But such challenges saw a birth of one innovative solution- a charging cabinet that would support the charging of 60 laptops at once.

This is a brainchild of Fulgence Nikobamera, a former teacher trainer in technology.

Nikobamera is a bachelor’s degree holder in electronics and telecommunication from the former University of Science and Technology (KIST).

“During the time I was part of the programme (OLPC), I used to face a lot of challenges while training teachers to use these laptops. In most schools, we hardly had were to plug them as existing power plugs were not sufficient,” he narrates, saying this is where the whole idea began.

Fast forward, in 2012 he quit the training programme to work on his idea.

This was the year he developed the first prototype of the charging cabinet for laptops, where he started testing it in rural schools of Rutsiro district in the Western Province.

“By then, the charging system I had prototyped had the ability to recharge only 20 laptops, and I began thinking of how I can upgrade it,” he reveals.

Groupe Scolaire Congo Nile and Rugote in Rutsiro were the first schools to experience the first innovation from the former teacher trainer, who says that the school administration had thought that they had seen a relief by that time.

But before this, MIT experts had reportedly built a multi-battery charger capable of recharging 15 OLPC batteries at once. But the cost of the charger was way too high, estimated to be in thousands of dollars.

The charger that they had built was even more problematic because one had to remove the battery from the laptop and plug it into a multi-battery charger, which was not only inconvenient but also risked damaging the gadgets.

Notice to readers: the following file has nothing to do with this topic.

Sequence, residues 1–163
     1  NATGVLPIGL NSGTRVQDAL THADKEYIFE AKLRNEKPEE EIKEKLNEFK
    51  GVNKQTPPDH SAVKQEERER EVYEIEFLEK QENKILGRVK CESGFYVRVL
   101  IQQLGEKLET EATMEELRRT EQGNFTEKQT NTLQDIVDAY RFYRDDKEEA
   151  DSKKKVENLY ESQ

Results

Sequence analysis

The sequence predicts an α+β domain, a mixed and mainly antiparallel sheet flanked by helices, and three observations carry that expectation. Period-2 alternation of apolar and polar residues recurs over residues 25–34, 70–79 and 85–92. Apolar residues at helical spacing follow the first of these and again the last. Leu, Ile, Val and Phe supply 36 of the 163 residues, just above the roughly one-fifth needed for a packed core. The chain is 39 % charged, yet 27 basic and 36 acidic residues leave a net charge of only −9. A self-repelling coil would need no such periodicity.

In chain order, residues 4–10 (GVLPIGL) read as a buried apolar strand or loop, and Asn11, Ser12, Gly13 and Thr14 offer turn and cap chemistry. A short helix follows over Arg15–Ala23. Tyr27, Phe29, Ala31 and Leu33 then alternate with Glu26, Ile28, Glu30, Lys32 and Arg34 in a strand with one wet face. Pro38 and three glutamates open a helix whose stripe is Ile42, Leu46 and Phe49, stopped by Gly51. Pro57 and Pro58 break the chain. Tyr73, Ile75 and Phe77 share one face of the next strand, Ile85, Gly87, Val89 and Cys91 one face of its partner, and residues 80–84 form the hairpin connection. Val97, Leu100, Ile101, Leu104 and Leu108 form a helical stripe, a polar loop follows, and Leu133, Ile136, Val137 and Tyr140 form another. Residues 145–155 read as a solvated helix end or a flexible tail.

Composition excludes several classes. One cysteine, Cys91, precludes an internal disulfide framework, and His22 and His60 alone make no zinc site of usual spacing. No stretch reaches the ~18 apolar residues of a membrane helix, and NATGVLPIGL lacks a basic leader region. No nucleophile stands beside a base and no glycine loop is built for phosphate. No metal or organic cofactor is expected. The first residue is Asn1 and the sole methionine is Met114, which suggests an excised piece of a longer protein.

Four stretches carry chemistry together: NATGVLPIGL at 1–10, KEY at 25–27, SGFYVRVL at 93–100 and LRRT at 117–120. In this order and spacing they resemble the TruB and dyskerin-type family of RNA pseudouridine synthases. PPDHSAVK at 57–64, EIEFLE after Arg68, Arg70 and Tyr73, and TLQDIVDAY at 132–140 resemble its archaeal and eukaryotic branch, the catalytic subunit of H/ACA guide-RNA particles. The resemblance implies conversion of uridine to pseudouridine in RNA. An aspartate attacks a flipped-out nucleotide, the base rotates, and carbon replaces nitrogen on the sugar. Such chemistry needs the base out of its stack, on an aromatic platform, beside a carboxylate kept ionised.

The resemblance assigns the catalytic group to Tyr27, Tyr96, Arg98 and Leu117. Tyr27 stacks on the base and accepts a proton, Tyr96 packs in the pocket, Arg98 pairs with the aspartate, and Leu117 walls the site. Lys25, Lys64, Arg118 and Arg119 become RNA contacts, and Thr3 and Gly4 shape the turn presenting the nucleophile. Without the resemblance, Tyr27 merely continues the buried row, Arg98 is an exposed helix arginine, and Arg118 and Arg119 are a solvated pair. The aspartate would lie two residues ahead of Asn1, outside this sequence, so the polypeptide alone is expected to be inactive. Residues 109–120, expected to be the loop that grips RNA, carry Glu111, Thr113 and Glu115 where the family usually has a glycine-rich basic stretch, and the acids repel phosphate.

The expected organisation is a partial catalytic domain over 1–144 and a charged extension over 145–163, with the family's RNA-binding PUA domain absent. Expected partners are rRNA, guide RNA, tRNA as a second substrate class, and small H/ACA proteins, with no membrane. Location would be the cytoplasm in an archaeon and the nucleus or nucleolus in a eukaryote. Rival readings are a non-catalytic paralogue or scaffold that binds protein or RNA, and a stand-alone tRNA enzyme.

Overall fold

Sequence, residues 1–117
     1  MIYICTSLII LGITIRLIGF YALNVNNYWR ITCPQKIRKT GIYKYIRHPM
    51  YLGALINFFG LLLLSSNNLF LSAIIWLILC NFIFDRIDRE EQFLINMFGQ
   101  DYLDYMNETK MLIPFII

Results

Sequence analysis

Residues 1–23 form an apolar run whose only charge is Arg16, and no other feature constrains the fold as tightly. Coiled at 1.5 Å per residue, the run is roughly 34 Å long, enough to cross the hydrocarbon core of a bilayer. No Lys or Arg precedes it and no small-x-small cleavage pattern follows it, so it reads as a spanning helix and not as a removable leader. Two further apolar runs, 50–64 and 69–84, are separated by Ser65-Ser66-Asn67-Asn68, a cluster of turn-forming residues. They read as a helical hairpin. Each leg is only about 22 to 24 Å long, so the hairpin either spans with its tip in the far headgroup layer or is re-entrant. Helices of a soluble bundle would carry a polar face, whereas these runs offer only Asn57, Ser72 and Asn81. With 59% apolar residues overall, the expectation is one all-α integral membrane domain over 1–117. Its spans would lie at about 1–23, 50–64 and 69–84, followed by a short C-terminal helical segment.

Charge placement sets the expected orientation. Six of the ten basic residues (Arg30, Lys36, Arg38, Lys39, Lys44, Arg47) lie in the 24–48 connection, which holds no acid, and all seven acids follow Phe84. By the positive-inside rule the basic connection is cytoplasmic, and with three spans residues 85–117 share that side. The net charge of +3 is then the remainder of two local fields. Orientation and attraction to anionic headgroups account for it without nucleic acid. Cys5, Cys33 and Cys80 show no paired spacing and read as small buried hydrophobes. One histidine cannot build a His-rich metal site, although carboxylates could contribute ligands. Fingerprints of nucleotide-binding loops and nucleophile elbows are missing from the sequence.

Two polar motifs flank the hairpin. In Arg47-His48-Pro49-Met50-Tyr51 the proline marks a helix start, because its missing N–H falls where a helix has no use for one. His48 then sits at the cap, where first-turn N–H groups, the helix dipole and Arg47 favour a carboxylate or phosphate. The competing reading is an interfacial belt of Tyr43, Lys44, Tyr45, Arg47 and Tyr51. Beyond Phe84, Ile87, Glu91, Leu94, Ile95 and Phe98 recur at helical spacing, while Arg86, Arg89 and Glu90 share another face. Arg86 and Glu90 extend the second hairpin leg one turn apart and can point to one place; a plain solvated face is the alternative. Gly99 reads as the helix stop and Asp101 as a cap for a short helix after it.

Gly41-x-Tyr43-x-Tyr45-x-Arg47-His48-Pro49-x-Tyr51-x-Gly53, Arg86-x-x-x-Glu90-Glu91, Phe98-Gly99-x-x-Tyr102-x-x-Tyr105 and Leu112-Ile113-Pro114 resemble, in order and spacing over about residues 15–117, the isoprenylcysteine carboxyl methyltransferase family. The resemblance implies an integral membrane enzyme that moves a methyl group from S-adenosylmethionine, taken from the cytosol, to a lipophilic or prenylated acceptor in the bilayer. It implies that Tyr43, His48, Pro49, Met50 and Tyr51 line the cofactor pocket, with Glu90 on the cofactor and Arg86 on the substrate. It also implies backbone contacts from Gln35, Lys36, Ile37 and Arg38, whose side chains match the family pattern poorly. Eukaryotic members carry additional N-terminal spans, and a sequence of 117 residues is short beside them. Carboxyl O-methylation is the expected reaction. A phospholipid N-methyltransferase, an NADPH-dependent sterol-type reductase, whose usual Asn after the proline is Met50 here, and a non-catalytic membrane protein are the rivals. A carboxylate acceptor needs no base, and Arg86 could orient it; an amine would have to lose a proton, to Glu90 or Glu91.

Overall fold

A sustainable solution

Over the course of the last few years, the Rwandan entrepreneur was able to upgrade his innovative solution to support the recharging of more laptops. At the moment, his upgraded charging system can recharge up to 60 laptops at once.

“Really the problem we are trying to solve is bigger than you can imagine,” he says at a school tour at Groupe Scolaire Kimironko 1 where he set up two charging cabinets three years ago.

One big challenge that he is trying to address is the high cost associated with owning an OLPC laptop.

Previously, for a school like Groupe Scolaire Kimironko, they would have to buy over 70 multi-power sockets to be able to charge all the 440 laptops at once. This would cost them over Rwf700,000 to purchase them.

“For a nine-year basic education school which doesn’t run on a big budget, this was nearly impossible. Similarly, having all these multi power sockets in one room could cause chaos as kids would play around with them,” Nikobamera says.